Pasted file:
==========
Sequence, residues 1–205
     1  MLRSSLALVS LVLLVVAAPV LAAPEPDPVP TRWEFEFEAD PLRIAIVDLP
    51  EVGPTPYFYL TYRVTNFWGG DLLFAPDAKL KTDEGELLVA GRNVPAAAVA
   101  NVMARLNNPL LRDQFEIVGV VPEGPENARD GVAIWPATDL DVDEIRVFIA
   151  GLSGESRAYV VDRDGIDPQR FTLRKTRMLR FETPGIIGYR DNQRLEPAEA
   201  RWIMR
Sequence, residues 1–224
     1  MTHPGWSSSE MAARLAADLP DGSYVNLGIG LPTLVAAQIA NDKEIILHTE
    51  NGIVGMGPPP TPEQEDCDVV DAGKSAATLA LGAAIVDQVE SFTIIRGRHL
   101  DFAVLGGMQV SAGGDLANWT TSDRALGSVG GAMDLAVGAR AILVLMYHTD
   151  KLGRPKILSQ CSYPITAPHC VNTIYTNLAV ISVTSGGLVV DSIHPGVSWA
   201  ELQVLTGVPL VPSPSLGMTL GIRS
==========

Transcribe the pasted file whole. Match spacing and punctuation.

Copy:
Sequence, residues 1–205
     1  MLRSSLALVS LVLLVVAAPV LAAPEPDPVP TRWEFEFEAD PLRIAIVDLP
    51  EVGPTPYFYL TYRVTNFWGG DLLFAPDAKL KTDEGELLVA GRNVPAAAVA
   101  NVMARLNNPL LRDQFEIVGV VPEGPENARD GVAIWPATDL DVDEIRVFIA
   151  GLSGESRAYV VDRDGIDPQR FTLRKTRMLR FETPGIIGYR DNQRLEPAEA
   201  RWIMR
Sequence, residues 1–224
     1  MTHPGWSSSE MAARLAADLP DGSYVNLGIG LPTLVAAQIA NDKEIILHTE
    51  NGIVGMGPPP TPEQEDCDVV DAGKSAATLA LGAAIVDQVE SFTIIRGRHL
   101  DFAVLGGMQV SAGGDLANWT TSDRALGSVG GAMDLAVGAR AILVLMYHTD
   151  KLGRPKILSQ CSYPITAPHC VNTIYTNLAV ISVTSGGLVV DSIHPGVSWA
   201  ELQVLTGVPL VPSPSLGMTL GIRS